The Challenge: In relationships, it is easy to take our partners for granted and for excitement to fade away.
The Science: You can rekindle that spark of magic!
The Solution: Learn how to be Positive, Interested in, and Grateful for your partner.
Sting famously sang: “If you love someone, set them free.”
Psychology adds: “…and be a PIG.”
PIG stands for Positive, Interested, and Grateful (I got you there, didn’t I? ☺).
Why do you need to be a PIG?
Remember the you that was courting your beloved? Yes, that you that was funny, optimist, charming, always smiling? That’s brilliant. Are you ready for Comedy Central? That you that was very attentive, and always listening? Never distracted by the phone? Remember that person? Well, what happened?
Chances are that you settled into the new normal of “having” a partner: you habituated. Like all of us, you start taking things for granted. Slowly but surely, a blanket of “Yes, honey” greets any statement uttered by your partner. Your brilliance is invested elsewhere — goodbye, jokes; hello, complaining.
But not all is lost. We can be PIGs to recover our bliss.
Nobody wants to be with someone who wears rose-tinted glasses all the time. But nobody wants to be with someone who is a grouch all the time, either. The key is finding the right balance.
John Gottman has been studying what makes relationships work for the past forty years, and he swears that the optimal balance between positive and negative interactions in a couple is 5:1. Regardless of the exact number, the idea is simple: if most of the time you and your partner support each other, you smile at each other, and you pay attention to each other, then the occasional rebuke or frown does not have long-term consequences. Like a pinch of salt in a sweet dessert, it does not ruin it — it might even make it better. But if that background of positivity is missing, things are different. Now, that would be like adding salt to a dessert that has no sweetness: it becomes sour. It’s the same principle at work in diets: if you eat healthily and once in a while you indulge in a guilty pleasure (say, a slice of cheesecake), no big deal. It is not going to impact your health long-term. But if the cheesecake comes after an order for big fries and a super-sized soda, you might want to check in with your doctor sooner rather than later.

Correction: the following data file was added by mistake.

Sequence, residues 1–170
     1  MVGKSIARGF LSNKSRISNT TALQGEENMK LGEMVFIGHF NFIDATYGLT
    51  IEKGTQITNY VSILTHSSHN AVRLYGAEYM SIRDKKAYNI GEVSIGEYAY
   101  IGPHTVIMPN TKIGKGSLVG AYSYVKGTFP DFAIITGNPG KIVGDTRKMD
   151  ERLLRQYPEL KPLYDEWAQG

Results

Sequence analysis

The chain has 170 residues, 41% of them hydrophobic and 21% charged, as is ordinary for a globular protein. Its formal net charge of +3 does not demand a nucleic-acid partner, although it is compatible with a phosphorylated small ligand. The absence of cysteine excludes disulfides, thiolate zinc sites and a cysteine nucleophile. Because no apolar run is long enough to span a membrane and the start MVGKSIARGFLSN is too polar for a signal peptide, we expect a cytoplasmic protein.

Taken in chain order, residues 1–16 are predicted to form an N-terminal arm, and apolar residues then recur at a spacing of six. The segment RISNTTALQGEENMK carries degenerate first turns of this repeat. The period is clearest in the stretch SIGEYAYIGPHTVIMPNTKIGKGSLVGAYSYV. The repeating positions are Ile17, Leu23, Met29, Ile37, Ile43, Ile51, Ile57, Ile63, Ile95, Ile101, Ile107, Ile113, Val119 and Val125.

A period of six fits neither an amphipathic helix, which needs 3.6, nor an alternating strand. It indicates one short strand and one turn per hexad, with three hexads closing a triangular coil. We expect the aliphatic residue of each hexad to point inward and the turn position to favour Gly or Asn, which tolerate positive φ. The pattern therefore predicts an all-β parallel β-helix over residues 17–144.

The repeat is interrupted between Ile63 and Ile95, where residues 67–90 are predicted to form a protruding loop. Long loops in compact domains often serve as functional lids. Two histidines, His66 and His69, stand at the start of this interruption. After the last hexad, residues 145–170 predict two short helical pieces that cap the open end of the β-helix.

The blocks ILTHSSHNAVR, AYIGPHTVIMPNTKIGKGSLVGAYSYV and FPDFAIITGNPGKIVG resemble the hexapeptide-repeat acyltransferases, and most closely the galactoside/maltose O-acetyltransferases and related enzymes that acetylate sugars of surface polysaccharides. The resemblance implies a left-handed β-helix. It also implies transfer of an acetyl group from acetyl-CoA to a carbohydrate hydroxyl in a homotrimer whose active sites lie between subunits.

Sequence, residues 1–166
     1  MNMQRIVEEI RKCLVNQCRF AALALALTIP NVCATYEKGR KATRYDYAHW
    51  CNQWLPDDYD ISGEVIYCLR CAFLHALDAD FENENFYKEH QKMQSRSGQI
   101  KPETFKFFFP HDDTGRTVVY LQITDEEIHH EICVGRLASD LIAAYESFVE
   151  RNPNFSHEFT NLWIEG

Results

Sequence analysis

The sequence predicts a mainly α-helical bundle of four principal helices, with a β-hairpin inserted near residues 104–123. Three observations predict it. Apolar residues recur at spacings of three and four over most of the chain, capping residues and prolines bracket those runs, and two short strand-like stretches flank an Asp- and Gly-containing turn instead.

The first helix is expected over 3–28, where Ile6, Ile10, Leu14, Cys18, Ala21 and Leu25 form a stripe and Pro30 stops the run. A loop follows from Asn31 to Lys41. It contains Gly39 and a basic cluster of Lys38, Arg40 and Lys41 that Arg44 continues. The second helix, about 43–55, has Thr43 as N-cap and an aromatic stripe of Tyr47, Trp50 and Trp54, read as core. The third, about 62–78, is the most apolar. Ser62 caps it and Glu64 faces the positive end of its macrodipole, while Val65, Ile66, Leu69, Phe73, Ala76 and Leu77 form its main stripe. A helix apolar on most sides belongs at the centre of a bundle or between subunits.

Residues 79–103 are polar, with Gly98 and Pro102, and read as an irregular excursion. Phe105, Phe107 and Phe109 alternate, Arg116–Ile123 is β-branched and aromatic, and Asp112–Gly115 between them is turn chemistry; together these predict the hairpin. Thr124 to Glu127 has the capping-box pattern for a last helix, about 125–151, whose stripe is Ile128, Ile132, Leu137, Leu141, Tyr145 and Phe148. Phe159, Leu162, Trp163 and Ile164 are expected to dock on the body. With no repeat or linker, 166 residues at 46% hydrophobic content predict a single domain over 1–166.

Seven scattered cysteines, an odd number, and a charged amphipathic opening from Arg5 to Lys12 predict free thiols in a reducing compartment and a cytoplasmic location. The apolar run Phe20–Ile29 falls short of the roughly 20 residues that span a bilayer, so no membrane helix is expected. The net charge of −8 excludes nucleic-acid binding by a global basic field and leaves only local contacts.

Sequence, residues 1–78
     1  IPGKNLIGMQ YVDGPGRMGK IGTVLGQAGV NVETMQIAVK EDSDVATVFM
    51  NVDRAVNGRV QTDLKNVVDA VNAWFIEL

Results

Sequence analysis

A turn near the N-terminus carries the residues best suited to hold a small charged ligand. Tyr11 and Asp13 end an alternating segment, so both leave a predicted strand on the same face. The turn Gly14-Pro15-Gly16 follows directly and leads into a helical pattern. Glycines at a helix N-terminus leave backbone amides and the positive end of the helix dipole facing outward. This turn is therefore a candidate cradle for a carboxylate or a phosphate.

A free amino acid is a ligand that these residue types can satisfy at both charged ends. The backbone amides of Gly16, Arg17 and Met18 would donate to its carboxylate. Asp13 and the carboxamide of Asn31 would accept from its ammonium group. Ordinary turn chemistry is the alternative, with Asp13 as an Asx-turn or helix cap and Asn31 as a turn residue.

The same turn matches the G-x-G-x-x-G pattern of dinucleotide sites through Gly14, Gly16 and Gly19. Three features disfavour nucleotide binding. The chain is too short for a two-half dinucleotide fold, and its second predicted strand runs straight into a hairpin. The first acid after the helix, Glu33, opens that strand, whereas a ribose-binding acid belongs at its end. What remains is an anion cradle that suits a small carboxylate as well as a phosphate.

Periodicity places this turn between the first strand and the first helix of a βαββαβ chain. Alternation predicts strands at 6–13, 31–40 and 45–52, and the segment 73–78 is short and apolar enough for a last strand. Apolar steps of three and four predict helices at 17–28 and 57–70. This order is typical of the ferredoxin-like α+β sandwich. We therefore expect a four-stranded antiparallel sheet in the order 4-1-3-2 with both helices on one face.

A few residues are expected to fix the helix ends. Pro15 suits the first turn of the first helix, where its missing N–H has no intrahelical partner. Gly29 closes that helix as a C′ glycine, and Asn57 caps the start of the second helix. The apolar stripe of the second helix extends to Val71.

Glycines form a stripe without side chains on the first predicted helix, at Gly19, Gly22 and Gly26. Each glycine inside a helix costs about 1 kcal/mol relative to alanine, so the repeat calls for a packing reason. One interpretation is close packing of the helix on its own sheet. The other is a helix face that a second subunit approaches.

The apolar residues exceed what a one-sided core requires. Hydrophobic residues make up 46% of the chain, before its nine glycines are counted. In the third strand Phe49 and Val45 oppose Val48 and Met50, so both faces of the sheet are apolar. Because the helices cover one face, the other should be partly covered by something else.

While working on complimenting your partner more, take the opportunity to have a fresh look at what is going on in your life by adopting an optimistic “explanatory style.” After a moment of initial disappointment, here is how an optimist explains a failure to herself and to her partner: I failed the test, but I will do better next time; it is a difficult project, but I will succeed in the end, as I did in other similar circumstances.
And this is how a pessimist explains the same failure: I failed the test, I will never pass this; I am a disaster. Who would you like to be listening to? No wonder research shows that optimists and their partners both report greater relationship satisfaction.
And remember that karma is at work. Positive emotions travel in networks and are contagious — that means that if your friends, neighbors, or co-resident partner become happier, chances are you will become happier, too. So, being happier for your partner makes them happier, which in turn makes you happier. How about that for a virtuous cycle?